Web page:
Kurt Vonnegut’s ‘Bluebeard’

Kurt Vonnegut has always been a favourite author of mine. I’m just finishing the final chapter of his novel ‘Bluebeard’ which, among myriad other story lines, is riddled with the theme of painting – painting of the canvas kind; of the abstract expressionist kind. And so on. Throughout this great read I’ve been fascinated by the potato barn belonging to the main character Rabo Karabekian and what he’s got stored in there under lock and key.

Rabo Karabekian’s Potato Barn – my watercolour

I won’t reveal this is in case anyone reading cares to pick up the novel. Rabo’s parents lived through the Turkish Armenian genocide in 1915 before emigrating to America. Imagine that.

Rabo Karabekian’s painting  “The Temptation of Saint Anthony”

Recently the Turkish Government threatened to ban all members of the NSW Parliament from attending the centenary commemorations at Gallipoli in 2015. This came in response to motions passed unanimously by the NSW parliament in May 2013 officially recognising the Armenian genocide. Only 21 nations have formally recognised the Armenian genocide. The Turkish government has long denied it. Authoritative and expert sources confirm an estimated 1.5 million people died at the hands of the Ottoman Turkish regime which systematically destroyed village after village. When Hitler was planning the genocide of the Jews and he was questioned about it, he retorted:

Don’t worry, who remembers the Armenian genocide? Who remembers it?

8709 Australian soldiers died at Gallipoli which is approximately 0.58% of the casualties of the Armenian genocide (not to say that comparisons are meaningful in such tragedies). But few question this terrible loss of Australian and Turkish lives for no gain – certainly not the increasing numbers of young Australians who travel to Gallipoli for the annual remembrance and seem to have accepted it’s fictitious significance. The value in the Gallipoli story and what has become the myth of the ANZAC is in the transformation of our ‘shameful’ international image of scruffy convicts into brave defenders of the British Empire, despite Gallipoli being one of the greatest strategic blunders in military history.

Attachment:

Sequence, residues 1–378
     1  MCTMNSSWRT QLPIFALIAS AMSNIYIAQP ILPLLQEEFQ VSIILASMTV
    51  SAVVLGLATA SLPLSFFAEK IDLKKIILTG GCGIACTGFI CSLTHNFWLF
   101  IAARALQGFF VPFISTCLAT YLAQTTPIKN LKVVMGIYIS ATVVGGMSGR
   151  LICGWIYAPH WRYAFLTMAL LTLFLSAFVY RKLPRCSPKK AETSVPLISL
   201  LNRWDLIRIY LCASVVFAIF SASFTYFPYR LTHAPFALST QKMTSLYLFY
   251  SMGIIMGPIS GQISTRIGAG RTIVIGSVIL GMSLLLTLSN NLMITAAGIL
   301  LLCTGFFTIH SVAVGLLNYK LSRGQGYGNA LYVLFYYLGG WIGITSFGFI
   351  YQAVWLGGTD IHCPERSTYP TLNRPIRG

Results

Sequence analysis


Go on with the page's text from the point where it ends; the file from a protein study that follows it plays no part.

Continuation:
Lest we forget the stupidity of killing in war; whether it be Armenians, Turks, ANZACS, Iraqis, Vietnamese or Aboriginal Australians.

(Note: Why is there no recognition of the white man’s wars against the Aboriginal people of Australia? (e.g. in the Australian War Memorial?)

Best we forgot??

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